Ariel Ron Wins 2021 Wiley-Silver Prize for Best First Book in Civil War History

April Holm's picture
United States
Subject Fields: 
American History / Studies

The Center for Civil War Research at the University of Mississippi is delighted to announce that Ariel Ron has been awarded the 2021 Wiley Silver Prize for Best First Book in Civil War History for Grassroots Leviathan: Northern Agricultural Reform in the Slaveholding Republic (Johns Hopkins University Press).  Dr. Ron is Glenn M. Linden Assistant Professor of the U.S. Civil War Era at Southern Methodist University.  


The prize committee praised Dr. Ron’s book as follows:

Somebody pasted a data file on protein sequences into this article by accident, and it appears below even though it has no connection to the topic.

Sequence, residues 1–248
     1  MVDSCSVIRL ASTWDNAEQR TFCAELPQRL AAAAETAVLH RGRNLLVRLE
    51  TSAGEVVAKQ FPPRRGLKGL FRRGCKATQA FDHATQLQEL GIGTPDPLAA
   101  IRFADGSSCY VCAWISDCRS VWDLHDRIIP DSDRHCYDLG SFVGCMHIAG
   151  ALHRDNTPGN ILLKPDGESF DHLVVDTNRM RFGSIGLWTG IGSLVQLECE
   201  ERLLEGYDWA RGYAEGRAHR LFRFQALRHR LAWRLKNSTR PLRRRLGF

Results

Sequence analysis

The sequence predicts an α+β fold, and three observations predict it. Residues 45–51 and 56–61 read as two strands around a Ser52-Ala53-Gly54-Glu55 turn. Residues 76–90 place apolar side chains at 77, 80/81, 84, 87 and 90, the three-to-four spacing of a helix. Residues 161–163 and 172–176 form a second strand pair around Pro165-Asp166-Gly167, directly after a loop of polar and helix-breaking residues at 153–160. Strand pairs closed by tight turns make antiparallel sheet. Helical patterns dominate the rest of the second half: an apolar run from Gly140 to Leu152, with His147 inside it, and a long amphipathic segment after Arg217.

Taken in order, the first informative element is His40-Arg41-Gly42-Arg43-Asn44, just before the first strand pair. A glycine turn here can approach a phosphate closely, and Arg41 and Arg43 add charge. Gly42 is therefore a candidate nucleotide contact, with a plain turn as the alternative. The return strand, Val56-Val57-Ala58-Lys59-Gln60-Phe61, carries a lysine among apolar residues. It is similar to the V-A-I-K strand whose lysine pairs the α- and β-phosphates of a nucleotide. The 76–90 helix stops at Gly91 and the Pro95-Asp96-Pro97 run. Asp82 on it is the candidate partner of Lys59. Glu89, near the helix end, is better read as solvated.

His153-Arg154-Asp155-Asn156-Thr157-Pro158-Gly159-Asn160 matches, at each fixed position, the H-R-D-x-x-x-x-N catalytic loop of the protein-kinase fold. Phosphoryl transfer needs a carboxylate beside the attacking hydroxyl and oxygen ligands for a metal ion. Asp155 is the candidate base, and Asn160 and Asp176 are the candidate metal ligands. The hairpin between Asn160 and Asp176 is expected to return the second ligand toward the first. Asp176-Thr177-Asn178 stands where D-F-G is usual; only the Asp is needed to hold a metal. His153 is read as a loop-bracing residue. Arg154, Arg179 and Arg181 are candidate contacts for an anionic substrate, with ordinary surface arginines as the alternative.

“Ariel Ron’s engagingly written Grassroots Leviathan is an agricultural, political, economic, and intellectual history that is also informed by soil science, chemistry, education, and legal studies. Covering a region he defines as the “Greater Northeast” from the Early Republic to the Civil War, Ron presents a broad analytical study offering an original and creative contribution by reminding us that the North, like the South, was also profoundly rural and that this fact shaped the coming of the Civil War. Ron deploys a social history approach, examining agricultural organizations, writings, and fairs. He describes the ensuing massive reform movement as one that shaped the emergence of the Republican Party, grew the northern economy, and contributed to sectionalism. While recent books have examined the agrarian underpinnings of the Republican Party, little attention has been paid to the connections between grassroots agricultural activism and state building. Ron rectifies this by tracing the movement to the emergence of the USDA and the land-grant university system, critical pathways of thought for political, economic, and environmental historians alike. His skillful command of diverse sources depicts a northern rural majority realizing that as individuals, they did not stand a chance of influencing policy or politics; collectively, they could wield an usually strong influence in promoting a powerful and explicit program for agricultural education and reform, culminating in the passage of vital pieces of legislation that secured their vision and validated their collective efforts. Finally, Grassroots Leviathan depicts farmers as agents of state development in this period, complicating our understanding of northern free labor by looking beyond wage earners to include a much larger demographic—farmers—within this transformative ideology and political economy.”